On 9th December, the HS2 Ltd. approved that a Hitachi-Alstom joint venture has been awarded the contracts to construct Britain’s next generation of high-speed trains at their factories in Derby and County Durham in an essential deal set to support 2,500 jobs over the UK.
The landmark contracts which is worth about £2bn – will see the joint venture design, build and maintain a fleet of 54 state-of-the-art high-speed trains that are going to work on HS2 – the new high-speed railway being constructed between London, the West Midlands and Crewe.
The fully electric trains that are capable of speeds of up to 225mph (360km/h), will also run on the current network to places such as Glasgow, Liverpool, Manchester, and the North West. These trains which will be constructed on the latest technology from the Japanese Shinkansen ‘bullet train’ and European high-speed network, will be some of the quietest, fastest, and most energy-efficient high-speed trains operating anywhere in the world.
Transport Secretary, Grant Shapps stated:
“Today’s announcement places Britain firmly at the forefront of the high-speed rail revolution with these state-of-the-art trains serving communities right across the country from London to Glasgow.”
“This is another landmark step in the delivery of HS2 which will open up new employment and leisure opportunities for millions of people, leveling up the opportunity for generations to come.”
The design, manufacture, assembly, and testing of the new trains will be shared between Alstom and Hitachi Rail.
- The first stages comprising vehicle body assembly and initial fit-out will be done at Hitachi Rail’s facility at Newton Aycliffe, County Durham; and
- The second stage of fit-out and testing will be done at Alstom’s Litchurch Lane factory in Derby.
In another key improvement for train-building in the UK, all the bogies (which house the wheelsets) will both be assembled and maintained at Alstom’s Crewe facility – the first time since 2004 that both jobs have been done in the UK.
The first train is anticipated to be rolled off the production line about 2027. Following a rigorous process of testing and commissioning, the first passengers are anticipated to be done between 2029 and 2033.
HS2 Ltd.’s Chief Executive, Mark Thurston, Welcomed the news and mentioned:
“Today is a massive day for HS2. The trains that will be built in Derby, Newton Aycliffe, and Crewe will transform rail travel – offering passengers unparalleled levels of reliability, speed, and comfort and help in the fight to remove carbon from our transport system. I’d like to congratulate Alstom and Hitachi and we look forward to working with them to bring these exciting new trains to passengers across the UK.”
Andrew Barr, Group CEO, Hitachi Rail asserted:
“We are excited to be pioneering the next generation of high-speed rail in the UK as part of our joint venture with Alstom. This British-built bullet train will be the fastest in Europe, and I am proud of the role that Hitachi will play in helping to improve mobility in the UK through this project.”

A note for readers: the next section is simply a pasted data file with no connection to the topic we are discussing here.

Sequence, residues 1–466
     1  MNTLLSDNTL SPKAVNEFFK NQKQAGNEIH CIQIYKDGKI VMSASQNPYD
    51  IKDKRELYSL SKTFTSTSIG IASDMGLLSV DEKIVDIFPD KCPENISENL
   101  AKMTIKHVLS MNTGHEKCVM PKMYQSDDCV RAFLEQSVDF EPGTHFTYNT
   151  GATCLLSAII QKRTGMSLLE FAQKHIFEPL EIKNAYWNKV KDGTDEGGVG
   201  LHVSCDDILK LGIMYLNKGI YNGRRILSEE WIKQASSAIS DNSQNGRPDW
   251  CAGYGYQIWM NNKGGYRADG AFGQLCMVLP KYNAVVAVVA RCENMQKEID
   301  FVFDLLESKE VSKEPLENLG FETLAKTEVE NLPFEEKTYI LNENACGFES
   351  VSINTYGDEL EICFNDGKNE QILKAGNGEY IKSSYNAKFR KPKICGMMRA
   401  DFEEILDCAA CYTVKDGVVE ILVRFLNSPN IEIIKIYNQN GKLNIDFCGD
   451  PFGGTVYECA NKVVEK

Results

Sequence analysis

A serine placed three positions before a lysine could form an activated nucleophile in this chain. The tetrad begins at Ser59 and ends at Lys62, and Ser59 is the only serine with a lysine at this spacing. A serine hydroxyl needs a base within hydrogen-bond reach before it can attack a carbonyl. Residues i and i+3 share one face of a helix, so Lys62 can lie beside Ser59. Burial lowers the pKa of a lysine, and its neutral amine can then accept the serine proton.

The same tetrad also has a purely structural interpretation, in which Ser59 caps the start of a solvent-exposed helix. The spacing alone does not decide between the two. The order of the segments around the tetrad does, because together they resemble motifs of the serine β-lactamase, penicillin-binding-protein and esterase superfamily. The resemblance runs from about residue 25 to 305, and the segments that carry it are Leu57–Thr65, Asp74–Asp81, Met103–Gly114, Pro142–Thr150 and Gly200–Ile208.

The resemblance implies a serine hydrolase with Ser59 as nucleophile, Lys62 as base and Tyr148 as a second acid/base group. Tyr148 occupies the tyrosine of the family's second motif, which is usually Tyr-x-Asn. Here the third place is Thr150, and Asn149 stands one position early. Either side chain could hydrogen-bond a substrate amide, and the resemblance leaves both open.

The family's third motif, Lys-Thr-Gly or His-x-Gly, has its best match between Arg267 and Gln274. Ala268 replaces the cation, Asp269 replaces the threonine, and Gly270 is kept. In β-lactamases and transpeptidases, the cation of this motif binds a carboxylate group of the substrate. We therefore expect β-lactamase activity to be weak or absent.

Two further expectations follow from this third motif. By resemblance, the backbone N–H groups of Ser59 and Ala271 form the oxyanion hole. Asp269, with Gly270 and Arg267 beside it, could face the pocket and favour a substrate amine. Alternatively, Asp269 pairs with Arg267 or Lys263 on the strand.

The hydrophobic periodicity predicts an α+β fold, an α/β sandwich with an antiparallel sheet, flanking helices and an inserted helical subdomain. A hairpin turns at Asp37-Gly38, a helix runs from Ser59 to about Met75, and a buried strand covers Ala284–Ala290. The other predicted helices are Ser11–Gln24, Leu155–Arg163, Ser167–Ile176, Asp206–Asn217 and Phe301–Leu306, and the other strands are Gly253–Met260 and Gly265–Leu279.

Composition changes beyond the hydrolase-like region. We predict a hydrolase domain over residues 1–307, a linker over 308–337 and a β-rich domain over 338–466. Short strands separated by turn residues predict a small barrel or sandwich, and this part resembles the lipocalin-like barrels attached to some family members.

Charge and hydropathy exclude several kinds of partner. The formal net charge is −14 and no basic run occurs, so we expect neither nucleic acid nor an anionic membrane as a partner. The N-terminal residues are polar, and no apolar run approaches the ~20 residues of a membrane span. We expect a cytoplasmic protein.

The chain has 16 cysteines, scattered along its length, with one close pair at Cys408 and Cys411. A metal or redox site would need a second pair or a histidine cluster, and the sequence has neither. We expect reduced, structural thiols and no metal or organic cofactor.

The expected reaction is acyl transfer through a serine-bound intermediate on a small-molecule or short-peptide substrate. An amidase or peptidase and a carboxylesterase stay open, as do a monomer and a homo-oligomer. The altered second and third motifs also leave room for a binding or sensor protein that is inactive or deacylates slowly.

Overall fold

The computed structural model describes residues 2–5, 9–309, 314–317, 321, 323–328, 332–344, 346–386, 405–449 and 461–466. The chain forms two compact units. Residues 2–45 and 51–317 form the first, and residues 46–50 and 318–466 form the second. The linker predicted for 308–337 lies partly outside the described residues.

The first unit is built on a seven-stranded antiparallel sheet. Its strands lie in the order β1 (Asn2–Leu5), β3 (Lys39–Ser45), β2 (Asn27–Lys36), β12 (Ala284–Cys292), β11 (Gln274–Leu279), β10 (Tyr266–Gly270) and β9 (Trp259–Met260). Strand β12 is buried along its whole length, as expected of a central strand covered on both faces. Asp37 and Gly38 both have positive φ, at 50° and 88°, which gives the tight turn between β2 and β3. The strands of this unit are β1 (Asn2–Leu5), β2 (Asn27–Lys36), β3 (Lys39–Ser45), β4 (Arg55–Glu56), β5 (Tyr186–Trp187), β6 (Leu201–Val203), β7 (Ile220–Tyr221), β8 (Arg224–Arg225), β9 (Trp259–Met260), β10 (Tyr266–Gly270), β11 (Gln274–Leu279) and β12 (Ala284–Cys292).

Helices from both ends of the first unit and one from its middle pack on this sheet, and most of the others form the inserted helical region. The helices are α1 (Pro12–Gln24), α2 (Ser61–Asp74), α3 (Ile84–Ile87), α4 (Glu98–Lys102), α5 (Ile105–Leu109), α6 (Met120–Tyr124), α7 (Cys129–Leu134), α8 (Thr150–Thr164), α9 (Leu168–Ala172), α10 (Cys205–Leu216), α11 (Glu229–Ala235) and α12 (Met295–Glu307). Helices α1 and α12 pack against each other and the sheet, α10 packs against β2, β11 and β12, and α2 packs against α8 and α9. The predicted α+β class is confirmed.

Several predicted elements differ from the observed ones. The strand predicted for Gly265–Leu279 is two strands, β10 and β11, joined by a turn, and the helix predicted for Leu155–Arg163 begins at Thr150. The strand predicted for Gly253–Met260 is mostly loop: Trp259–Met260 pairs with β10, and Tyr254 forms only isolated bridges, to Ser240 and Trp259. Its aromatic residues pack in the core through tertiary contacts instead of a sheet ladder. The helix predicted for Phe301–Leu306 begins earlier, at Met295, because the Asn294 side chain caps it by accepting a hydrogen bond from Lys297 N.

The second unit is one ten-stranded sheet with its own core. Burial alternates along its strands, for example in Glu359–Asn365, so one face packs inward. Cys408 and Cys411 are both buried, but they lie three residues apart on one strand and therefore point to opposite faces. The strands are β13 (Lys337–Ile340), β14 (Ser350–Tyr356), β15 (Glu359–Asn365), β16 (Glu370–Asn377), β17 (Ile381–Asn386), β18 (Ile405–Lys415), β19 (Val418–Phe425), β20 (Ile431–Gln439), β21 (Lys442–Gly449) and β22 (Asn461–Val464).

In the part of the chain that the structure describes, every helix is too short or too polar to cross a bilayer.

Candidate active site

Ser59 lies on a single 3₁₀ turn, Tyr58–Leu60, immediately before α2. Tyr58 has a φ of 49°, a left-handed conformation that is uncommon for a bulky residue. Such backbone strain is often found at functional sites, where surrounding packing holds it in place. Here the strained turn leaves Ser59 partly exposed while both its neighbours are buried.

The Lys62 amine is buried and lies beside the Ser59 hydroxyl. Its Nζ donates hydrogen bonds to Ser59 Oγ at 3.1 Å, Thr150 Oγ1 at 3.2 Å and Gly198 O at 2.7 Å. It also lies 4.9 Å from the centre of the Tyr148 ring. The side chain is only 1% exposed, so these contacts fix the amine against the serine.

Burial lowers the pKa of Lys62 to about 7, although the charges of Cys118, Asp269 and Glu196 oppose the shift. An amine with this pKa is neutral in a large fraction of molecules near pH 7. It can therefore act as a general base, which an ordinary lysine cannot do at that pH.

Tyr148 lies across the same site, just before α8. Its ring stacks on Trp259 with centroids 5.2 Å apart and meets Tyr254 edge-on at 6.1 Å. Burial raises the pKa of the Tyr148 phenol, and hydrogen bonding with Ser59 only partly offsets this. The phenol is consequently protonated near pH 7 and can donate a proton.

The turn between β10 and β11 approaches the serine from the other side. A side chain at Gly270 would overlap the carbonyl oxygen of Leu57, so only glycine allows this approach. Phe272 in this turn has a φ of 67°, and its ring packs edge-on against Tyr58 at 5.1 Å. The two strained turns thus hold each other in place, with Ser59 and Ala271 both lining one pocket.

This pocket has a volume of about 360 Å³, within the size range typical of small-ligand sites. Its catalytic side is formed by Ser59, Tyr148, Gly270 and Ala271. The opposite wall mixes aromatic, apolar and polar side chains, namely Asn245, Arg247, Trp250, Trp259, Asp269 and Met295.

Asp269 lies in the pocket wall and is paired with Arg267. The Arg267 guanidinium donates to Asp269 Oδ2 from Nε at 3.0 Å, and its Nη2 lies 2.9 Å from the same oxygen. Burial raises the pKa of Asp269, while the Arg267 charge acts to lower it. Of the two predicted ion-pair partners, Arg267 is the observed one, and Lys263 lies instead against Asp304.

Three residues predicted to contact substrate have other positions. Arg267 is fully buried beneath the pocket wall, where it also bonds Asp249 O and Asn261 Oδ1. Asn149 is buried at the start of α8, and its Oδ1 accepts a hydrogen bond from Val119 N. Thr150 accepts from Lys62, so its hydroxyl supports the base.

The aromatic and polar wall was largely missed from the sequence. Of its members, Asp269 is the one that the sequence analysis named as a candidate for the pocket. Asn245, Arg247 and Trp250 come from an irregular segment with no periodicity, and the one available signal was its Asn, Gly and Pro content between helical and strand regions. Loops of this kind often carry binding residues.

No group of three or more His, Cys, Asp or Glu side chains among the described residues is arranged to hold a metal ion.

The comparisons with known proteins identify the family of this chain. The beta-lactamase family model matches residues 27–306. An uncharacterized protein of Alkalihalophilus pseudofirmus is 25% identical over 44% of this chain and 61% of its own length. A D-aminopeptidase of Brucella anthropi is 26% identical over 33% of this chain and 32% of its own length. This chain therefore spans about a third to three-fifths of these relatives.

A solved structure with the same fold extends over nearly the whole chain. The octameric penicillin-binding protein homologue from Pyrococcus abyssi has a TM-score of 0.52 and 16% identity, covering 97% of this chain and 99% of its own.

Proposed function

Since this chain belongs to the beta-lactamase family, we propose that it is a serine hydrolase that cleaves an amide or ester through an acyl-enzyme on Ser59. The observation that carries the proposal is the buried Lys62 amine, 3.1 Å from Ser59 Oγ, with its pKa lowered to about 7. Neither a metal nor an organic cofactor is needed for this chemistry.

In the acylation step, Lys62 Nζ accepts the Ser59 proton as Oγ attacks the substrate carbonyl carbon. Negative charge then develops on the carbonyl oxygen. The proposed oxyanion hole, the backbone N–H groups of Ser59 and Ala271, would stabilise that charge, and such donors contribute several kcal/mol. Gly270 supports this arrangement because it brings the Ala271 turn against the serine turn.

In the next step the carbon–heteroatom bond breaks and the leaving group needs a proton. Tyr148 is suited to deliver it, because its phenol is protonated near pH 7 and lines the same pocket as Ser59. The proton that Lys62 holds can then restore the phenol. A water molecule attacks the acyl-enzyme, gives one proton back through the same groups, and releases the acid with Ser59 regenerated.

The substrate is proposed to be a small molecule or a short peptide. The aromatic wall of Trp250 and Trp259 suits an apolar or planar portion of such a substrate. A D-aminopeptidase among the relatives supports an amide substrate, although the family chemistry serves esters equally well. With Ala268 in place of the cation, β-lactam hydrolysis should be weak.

Nick Crossfield, Alstom’s Managing Director, UK & Ireland, declared:
“HS2 is a once-in-a-generation opportunity to transform Britain by building a sustainable transport system fit for the 21st Century. I am delighted that Alstom’s joint venture with Hitachi Rail has been selected to develop, build and maintain in Britain the next generation of high-speed trains.”
A recent study commissioned by Hitachi/Alstom JV estimates that the award could generate benefits of £157m per year across the UK and support 2,500 jobs containing opportunities for apprenticeships and graduates.
The interior layout which is designed to be fully accessible, will be decided following a two-and-a-half-year collaborative design process involving HS2 Ltd, the Department for Transport, and the West Coast Partnership, the operator of the trains when they first come into service.
Serving destinations such as Liverpool, Glasgow, Birmingham, and London, HS2 trains will work seamlessly between HS2 and the current rail network decreasing many journey times over the UK. Each train will be about 200m long, with the option to couple two units together to make a 400m long train with up to 1,100 seats.
In addition, the train will benefit from Hitachi Rail’s pioneering low noise pantograph – the arm which collects power from the overhead wires. This technology will make it quieter than a comparable high-speed train and use regenerative braking to improve energy efficiency.
Alongside, design, manufacturing, and testing, the contracts also contain 12 years of maintenance which could be extended in the future to cover the estimated 35-year life of the rolling stock. The fleet will be maintained at a new maintenance depot being constructed by HS2 Ltd at Washwood Heath on the outskirts of Birmingham, generating jobs and extra apprenticeship opportunities.
The Hitachi / Alstom JV will work with HS2 Ltd and Birmingham City Council to support the development of opportunities for employment arising from the construction of the new maintenance depot at Washwood Heath, Birmingham, and to provide opportunities for local people to engage in training and development opportunities.